Leadership Political Parties

Andrew Scheer

This name that you don’t recognize is the leader of the Conservative Party in Canada. His obscurity creates a challenge for him: he has to attract the attention of the media in a world of people like Doug Ford and Donald Trump.

There was a time when sharp and incisive criticism of the government would have done the job. Standing in Parliament day after day and pressing the government with an even-handed but ethically and logically sound series of questions designed to demonstrate that you understand the issues, and the consequences of policy, better than your opponent.

That’s not what Andrew Scheer is doing. His approach is instead to go for the headline and pander to his party’s baser instincts. If there’s a conflict between nations, his approach is to inflame the conflict. If there is a prejudice against a particular minority, his approach is to stoke that prejudice.

I have never agreed with conservatives but there was a time when I could respect them. But this approach – misleadingly called ‘populism’ in the media – doesn’t require thought or principle. You don’t need to wait until the facts are in or calculate the merits of different approaches.

Scheer has demonstrated this tendency for some months now but two cases in the last week lay open the bare bones of this strategy.

In one case, “Scheer says if he was prime minister he would fire Canada’s Ambassador to China John McCallum over his most recent comments on Huawei executive Meng Wanzhou.” McCallum suggested to a Chinese-language audience that Wanzhou would have a good case against extradition to the United States.

We are being told in the media that the comments undercut Trudeau’s position that the government does not interfere with the administration of justice in Canada. Maybe it did, or maybe it represented a subtle way for the Trudeau government to underline its position and to recommend to the Chinese to trust the rule of law. We don’t know, and Scheer didn’t wait to find out, choosing instead to keep the chasm between China and Canada as wide as possible.

In a second case, following the RCMP arrest of two people in Kingston on terrorism-related charges, Scheer said it’s “clear that Canada’s refugee screening process needs to be seriously examined.” One person, a minor, remains in RCMP custody. The second person, a Syrian refugee, was not charged, has been released by the RCMP, and is to all appearances innocent.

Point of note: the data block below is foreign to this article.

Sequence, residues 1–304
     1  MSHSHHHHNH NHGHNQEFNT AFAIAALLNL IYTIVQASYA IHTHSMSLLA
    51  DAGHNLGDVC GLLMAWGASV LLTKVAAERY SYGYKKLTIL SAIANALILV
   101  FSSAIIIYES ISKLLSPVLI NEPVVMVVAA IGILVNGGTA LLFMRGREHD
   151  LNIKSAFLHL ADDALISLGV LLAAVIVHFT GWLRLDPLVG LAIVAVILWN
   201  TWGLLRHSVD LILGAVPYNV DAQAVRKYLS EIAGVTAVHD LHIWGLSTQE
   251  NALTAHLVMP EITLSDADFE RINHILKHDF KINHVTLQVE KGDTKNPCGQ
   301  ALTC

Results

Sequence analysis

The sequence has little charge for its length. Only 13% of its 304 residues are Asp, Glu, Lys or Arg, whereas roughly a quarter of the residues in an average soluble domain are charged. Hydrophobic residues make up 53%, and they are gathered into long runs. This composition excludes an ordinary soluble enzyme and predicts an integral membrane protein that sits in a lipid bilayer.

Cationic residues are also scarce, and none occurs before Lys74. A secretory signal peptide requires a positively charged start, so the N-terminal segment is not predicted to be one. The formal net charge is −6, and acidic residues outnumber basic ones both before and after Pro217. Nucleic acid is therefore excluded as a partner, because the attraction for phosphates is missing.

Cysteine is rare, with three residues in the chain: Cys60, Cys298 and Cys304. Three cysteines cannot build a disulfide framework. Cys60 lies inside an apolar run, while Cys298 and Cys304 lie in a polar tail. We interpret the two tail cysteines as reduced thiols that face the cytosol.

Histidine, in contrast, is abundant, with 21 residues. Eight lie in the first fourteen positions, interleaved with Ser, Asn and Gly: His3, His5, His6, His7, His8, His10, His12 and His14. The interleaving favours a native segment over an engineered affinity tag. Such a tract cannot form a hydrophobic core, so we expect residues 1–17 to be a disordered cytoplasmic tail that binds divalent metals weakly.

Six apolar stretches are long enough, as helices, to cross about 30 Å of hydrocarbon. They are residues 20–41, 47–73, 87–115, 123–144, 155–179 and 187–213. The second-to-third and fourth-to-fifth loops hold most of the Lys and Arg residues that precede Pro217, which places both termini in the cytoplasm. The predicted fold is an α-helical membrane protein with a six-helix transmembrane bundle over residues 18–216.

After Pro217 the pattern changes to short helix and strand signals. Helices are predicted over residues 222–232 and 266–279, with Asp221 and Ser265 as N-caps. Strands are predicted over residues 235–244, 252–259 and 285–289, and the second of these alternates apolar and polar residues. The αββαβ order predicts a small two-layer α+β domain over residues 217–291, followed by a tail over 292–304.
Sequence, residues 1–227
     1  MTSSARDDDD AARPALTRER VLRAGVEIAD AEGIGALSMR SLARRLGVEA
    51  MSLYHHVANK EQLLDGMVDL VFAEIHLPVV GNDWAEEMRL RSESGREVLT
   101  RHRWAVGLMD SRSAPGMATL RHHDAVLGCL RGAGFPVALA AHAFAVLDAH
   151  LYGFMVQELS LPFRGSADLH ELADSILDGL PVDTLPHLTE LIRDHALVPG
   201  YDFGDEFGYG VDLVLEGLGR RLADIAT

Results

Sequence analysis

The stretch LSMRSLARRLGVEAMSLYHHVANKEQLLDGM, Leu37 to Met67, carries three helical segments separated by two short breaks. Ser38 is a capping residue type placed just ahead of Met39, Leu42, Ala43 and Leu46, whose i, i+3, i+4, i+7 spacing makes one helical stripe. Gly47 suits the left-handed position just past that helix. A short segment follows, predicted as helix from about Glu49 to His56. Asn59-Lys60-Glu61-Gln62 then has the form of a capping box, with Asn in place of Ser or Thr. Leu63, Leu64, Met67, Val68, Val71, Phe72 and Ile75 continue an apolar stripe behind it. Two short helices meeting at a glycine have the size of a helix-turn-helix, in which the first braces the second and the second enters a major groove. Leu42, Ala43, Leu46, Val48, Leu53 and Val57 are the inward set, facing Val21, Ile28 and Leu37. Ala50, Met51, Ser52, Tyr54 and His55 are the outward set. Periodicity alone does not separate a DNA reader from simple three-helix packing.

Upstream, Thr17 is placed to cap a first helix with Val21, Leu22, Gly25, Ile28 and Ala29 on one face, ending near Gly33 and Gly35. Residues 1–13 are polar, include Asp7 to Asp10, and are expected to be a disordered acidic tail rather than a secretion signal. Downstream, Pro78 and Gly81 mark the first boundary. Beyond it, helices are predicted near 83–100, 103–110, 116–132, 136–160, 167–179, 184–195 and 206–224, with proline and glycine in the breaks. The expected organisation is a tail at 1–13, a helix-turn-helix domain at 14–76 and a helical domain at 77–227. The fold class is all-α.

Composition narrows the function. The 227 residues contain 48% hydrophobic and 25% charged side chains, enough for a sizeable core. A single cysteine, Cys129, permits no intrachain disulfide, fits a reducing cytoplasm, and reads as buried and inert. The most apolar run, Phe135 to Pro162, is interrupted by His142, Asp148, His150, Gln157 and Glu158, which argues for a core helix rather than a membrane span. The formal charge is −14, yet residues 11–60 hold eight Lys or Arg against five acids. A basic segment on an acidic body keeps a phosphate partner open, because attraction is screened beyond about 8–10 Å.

We don’t know anything about the youth, because as a minor he cannot be identified. We can wonder, however, what enhanced refugee screening would have revealed about a teenager. More to the point, in cases like this, it is more common for youth to be radicalized in their new country. Refugee screening would have done nothing to prevent this.

But all of this is moot because Scheer didn’t even wait for the dust to settle to speak as though he already knew the outcome of the investigation.

In both cases, Scheer is taking the unthinking and  irresponsible route in an effort to attract attention and gain media clicks. In doing so he is debasing not only his own party but conservatism in Canada in general. And he is making the re-election of Justin Trudeau more likely, not less.



I’m the last person to want to give the United Kingdom any advice regarding its own particular form of self-immolation, but there are wider considerations at play.

From where I sit, it seems clear that the British publish were given false and misleading information about the implications of a Brexit, and are now paying the price.

And it seems pretty clear to me that external influence on the vote was a large factor in the outcome.

The current mess is casting doubt on the democratic process. Voices like this questioning the efficacy of referenda have been rising as the confusion grows greater day by day.

But I think – Theresa May notwithstanding – that democracy is the clearest path forward for the British people. And that a second referendum is the obvious step back from the brink that the U.K. needs.

May argues that a second referendum would create a precedent for a second Scottish vote. Well it might – we in Canada had two referenda on separation, so it can happen. Newfoundland had two referenda on whether to join Canada in 1948, so it can happen in the other direction as well.

But refusal to hold a second vote will not stop the Scottish people from pointing out that there’s a very big different between voting to remain in a U.K. that is in the European Union and a U.K. that is out. It is Brexit that makes a second Scottish referendum more likely, not a second vote on the question.

But in the end, it doesn’t really matter whether Britain remains in the European Union, or whether it leaves. That really is up to the British to decide (and (dare I say) the British expats living in Europe should also be counted).